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Skiers cross the line in Switzerland

Skiers cross the line in Switzerland

PONTRESINA, SWITZERLAND — Be careful what you wish for, the saying goes.  All I want is to take my beginning cross-country ski skills up a notch with a lesson in this sleepy Swiss village of 2,100 inhabitants in one of the largest Nordic ski regions in Europe.  Over 1,800 metres above sea level Pontresina is home to one of the most renowned cross-country ski schools in Switzerland.  
This is where I’m invited to join over 14,000 participants in the 50th Engadin Skimarathon, the sport’s second largest race in the world.
Don’t I need to qualify?  
In fact, since it began in 1969, the 42-km international freestyle marathon is open to skiers 16 years and older, from beginners to professionals.  It starts in the village of Maloja and finishes in S-chanf village. In between, racers course over a wide valley, two frozen lakes, an airport runway and a forest of magically fragrant Swiss stone pine.
I’ll think about it.


Above: Even the most seasoned competitors can take a tumble during this demanding event.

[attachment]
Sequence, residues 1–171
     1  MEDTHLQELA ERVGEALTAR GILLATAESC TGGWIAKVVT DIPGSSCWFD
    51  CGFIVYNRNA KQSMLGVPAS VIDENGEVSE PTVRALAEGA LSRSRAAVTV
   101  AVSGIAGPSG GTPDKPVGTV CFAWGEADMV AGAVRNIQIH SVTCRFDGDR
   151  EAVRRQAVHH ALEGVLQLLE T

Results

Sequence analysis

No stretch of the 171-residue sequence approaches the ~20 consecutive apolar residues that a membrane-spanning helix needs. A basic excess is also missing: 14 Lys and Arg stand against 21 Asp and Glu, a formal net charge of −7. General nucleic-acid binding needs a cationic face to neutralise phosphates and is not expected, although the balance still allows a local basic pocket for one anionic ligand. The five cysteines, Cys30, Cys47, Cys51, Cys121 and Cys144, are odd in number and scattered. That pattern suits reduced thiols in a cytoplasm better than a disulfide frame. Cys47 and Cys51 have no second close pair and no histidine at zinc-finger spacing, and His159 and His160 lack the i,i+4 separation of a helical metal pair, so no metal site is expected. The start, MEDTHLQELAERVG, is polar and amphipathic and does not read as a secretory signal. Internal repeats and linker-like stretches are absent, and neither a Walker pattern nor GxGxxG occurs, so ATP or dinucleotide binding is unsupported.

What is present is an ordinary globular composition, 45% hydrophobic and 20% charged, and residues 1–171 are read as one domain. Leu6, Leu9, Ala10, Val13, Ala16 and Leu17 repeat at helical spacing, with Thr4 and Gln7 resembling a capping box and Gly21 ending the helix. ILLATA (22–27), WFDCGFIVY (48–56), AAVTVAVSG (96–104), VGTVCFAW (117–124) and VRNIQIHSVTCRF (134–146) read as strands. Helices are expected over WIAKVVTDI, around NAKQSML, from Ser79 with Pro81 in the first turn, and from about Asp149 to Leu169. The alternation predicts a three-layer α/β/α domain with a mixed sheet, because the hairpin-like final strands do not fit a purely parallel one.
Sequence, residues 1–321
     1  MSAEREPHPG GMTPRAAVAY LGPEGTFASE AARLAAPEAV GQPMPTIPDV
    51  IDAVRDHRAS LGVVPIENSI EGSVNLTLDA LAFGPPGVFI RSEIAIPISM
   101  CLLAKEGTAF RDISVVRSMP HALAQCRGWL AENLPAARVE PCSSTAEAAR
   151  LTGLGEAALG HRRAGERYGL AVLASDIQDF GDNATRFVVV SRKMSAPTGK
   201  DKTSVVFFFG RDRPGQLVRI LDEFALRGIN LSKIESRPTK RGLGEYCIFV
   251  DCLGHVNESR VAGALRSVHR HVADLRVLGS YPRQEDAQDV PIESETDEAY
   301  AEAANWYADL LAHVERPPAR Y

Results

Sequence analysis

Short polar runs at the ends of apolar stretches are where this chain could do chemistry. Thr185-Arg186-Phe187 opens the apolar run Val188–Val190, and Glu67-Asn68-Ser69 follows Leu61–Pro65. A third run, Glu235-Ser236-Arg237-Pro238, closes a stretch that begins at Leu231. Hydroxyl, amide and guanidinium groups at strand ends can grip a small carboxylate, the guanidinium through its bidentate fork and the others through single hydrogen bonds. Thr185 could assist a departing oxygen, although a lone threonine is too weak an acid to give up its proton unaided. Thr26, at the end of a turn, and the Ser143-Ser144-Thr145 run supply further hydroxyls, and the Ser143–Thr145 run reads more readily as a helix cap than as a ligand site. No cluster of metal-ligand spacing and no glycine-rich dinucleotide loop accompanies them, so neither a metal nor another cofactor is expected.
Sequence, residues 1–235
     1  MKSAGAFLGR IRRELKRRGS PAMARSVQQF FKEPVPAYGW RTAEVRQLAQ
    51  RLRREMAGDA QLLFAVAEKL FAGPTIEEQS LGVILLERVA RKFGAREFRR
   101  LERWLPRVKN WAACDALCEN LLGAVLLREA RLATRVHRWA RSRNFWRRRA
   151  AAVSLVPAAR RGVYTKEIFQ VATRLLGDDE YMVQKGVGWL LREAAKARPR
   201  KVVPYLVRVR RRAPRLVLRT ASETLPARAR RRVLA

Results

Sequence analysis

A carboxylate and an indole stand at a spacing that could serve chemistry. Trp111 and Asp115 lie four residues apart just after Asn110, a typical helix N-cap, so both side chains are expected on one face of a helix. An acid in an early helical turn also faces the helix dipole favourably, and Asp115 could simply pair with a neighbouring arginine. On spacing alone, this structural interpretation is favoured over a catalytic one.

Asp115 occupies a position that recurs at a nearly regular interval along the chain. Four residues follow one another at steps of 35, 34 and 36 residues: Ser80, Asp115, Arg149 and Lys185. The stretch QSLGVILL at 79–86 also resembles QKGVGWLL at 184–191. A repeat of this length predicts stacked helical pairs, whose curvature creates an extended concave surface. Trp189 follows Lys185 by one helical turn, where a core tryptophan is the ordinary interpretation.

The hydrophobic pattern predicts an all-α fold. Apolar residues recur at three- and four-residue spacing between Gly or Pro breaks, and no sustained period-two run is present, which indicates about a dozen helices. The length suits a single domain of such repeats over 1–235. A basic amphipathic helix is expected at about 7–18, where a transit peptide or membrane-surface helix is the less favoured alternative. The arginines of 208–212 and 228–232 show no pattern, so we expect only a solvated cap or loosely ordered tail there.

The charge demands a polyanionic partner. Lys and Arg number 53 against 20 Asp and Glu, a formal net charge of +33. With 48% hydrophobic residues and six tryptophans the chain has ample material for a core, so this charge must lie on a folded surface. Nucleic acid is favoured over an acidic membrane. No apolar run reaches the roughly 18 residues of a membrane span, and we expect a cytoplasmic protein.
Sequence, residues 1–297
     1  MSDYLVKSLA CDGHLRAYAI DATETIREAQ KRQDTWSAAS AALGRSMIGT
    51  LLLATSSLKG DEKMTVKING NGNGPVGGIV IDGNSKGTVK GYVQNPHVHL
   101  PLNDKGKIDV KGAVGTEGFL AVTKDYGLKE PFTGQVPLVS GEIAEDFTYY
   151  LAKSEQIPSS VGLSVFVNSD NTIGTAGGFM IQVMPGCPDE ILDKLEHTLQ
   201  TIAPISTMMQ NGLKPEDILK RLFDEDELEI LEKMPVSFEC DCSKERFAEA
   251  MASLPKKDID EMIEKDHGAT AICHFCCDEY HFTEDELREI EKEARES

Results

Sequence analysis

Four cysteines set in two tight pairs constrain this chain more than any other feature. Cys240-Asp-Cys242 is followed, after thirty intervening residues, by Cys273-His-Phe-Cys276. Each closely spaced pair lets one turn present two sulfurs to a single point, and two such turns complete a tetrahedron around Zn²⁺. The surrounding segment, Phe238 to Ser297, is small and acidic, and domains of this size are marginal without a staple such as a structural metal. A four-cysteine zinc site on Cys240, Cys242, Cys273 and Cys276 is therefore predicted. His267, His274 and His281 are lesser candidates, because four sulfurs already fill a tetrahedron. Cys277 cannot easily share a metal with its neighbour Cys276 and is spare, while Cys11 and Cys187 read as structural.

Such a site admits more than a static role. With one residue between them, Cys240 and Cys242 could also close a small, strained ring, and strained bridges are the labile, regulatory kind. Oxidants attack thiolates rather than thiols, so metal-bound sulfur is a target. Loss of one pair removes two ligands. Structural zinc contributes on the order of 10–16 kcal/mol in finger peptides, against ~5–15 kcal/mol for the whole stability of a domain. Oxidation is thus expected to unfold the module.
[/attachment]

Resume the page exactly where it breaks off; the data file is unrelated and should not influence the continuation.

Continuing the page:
It’s late winter when my train from Zurich pulls into St. Moritz train station — the end of the line in the eastern Alps near the Italian border.  
I stay a few days in St. Moritz, Pontresina’s glitzy neighbour five kilometres away, to warm up my leg muscles on the treeless downhill slopes of Corviglia Mountain, which  overlooks the posh village.  
The gloriously sunny day and clear skies remind me why the upper Engadin Valley, at the foot of the Piz Bernina — one of the highest mountain ranges in the Alps — became Europe’s famous winter playground in the mid-19th century.
But come lesson day, rain dampens my cross-country aspirations — but not my spirit.  
I watch dedicated “langlaufers” (German for cross-country skiers) gliding effortlessly along the trails across from the Langlaufzentrum, the cross-country ski school where I’m getting fitted for skis.